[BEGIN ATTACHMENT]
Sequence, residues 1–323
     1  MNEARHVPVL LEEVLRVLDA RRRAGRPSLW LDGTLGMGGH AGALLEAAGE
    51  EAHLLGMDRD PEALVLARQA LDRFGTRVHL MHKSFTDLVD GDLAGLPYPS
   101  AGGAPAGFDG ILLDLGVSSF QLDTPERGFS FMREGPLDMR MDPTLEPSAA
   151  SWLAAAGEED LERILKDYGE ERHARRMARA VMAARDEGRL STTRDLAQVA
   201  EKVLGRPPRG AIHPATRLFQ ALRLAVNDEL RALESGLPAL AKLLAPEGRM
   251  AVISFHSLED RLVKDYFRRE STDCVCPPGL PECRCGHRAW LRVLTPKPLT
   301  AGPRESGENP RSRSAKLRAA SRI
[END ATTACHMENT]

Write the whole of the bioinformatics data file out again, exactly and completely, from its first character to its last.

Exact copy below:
Sequence, residues 1–323
     1  MNEARHVPVL LEEVLRVLDA RRRAGRPSLW LDGTLGMGGH AGALLEAAGE
    51  EAHLLGMDRD PEALVLARQA LDRFGTRVHL MHKSFTDLVD GDLAGLPYPS
   101  AGGAPAGFDG ILLDLGVSSF QLDTPERGFS FMREGPLDMR MDPTLEPSAA
   151  SWLAAAGEED LERILKDYGE ERHARRMARA VMAARDEGRL STTRDLAQVA
   201  EKVLGRPPRG AIHPATRLFQ ALRLAVNDEL RALESGLPAL AKLLAPEGRM
   251  AVISFHSLED RLVKDYFRRE STDCVCPPGL PECRCGHRAW LRVLTPKPLT
   301  AGPRESGENP RSRSAKLRAA SRI